The Cardiff Cobras season may have been grounded Photo: Craig Thomas

American Football suspended with Welsh university side left in limbo

by Twm Owen

All British American Football activity has been suspended – just 48 hours before one Welsh university side was due to compete in a semi-final.

The Cardiff University Cobras team has reached the Division One South Final of the BUCS university league and were due to face long time rivals from Southampton University the Stags in a 5pm kick-off on the south coast this Sunday for the right to play in a national championship game.

But the British American Football Association (BAFA) announced it had suspended all activity from midnight with the ban impacting on the play-offs in the university championships as well as training for the more than 70 clubs that compete in the British league.

BAFA chief executive Pete Ackerley also announced its national league season, for community clubs, from the Premiership to the third tier division two, that was due to kick-off in early April has been postponed.

That means the South Wales Warriors, the only Welsh side that competes in the BAFA National League, don’t know when their return to the second tier Division One will begin and they cannot continue with their weekly training sessions.

The suspension leaves the Cardiff Cobras unaware when or if their semi-final, which will also decide a promotion place to the BUCS Premiership (South), will take place.

The Cardiff Cobras are one of Britain’s oldest American Football teams and the longest standing in Wales Photo: Craig Thomas

The winner of the semi-final would win promotion and the chance to play the Division One North champions for the second tier national championship which was due to be held on Tuesday, March 24 as a curtain raiser to the BUCS Big Wednesday event in Nottingham where champions from the main university sports will be crowned.

Promotion to the Premiership would also allow the Cobras to renew their league rivalry with the Swansea University Titans who have competed at the top level for four years.
However at present the Cobras simply do not know if their season can be resumed.

A statement on the club’s Facebook page said: “We are sad to announce that Sunday’s division 1 south final against Southampton Stags American Football Team has been postponed until further notice. BUCS have confirmed that all remaining fixtures have been postponed until further notice.

“With regards to what this means for our playoff run and promotion fight, we’re as yet unsure. Both teams would love for it to be settled on the field, and hopefully that can still happen, however we appreciate the gravity of the situation and that the safety of players and the general public comes before all else.

“Thank you to everyone for your help and support throughout this historic season for the Cobras.”

The Cobras are not only one of the longest standing British university teams but having formed in 1986 one of the oldest active teams at all levels of the game in Britain and the oldest active Welsh team.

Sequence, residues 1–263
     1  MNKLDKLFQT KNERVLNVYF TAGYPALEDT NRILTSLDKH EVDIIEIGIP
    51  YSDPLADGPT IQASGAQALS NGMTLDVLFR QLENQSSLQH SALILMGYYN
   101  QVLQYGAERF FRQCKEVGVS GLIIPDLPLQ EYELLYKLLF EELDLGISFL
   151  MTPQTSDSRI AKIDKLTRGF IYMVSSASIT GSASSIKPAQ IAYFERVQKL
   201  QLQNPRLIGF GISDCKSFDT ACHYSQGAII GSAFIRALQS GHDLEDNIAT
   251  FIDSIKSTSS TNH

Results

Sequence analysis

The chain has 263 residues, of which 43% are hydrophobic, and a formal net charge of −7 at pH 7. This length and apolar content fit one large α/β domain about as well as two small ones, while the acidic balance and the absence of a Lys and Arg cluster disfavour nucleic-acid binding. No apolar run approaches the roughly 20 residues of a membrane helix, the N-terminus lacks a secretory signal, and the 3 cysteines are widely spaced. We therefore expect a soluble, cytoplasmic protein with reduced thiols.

They competed in the former British Collegiate American Football League College Bowl II in 1988 and shared in a national championship following a 0-0 tie with the Hull University Sharks. The following year the Sharks secured the championship by the narrowest of margins defeating the Cobras 7-6.

The Cobras have been playing since the mid 1980s Photo: Craig Thomas

The Cobras had already seen the winter’s stormy weather threaten to disrupt their play-off run and had to stage their two post season games, a 28-8 victory over Reading Knights, and a tight 9-0 victory over the Exeter Demons at an artificial pitch at the Filton College in Bristol.

The Cobras finished their regular season with a 43-27 victory over the Stags in Southampton. In December the Cobras defeated the Stags 49-27.

The South Wales Warriors had been due to hold a training session at their base in Pontyclun this Sunday and head coach Geraint Roberts said he supports BAFA’s decision to suspend all activities.

He said: “I’ve no idea what will happen from here. It’s a case of it being a concerning time for everyone and the most important thing is to keep everyone safe from risk. Taking into account the whole picture, football just isn’t important.”

BAFA chief executive Pete Ackerley said: “This is not a decision that has been made lightly, and I know it will cause disappointment and inconvenience for many of you. We all want our great game to continue, and not being able to practice and play is incredibly frustrating for everyone. Yet I believe in this current moment, with the situation facing not just Great Britain but the entire world, it is the right decision despite it being a difficult one to make. The decision has been made with health and safety prioritised above sport.”

He also said the suspension will be under daily review: “I hope it goes without saying that I am desperate to get our sport back up and running as soon as it is safe and sensible to do so. We will of course lift the suspension on training with enough time to allow teams and players to prepare for competitive fixtures.”

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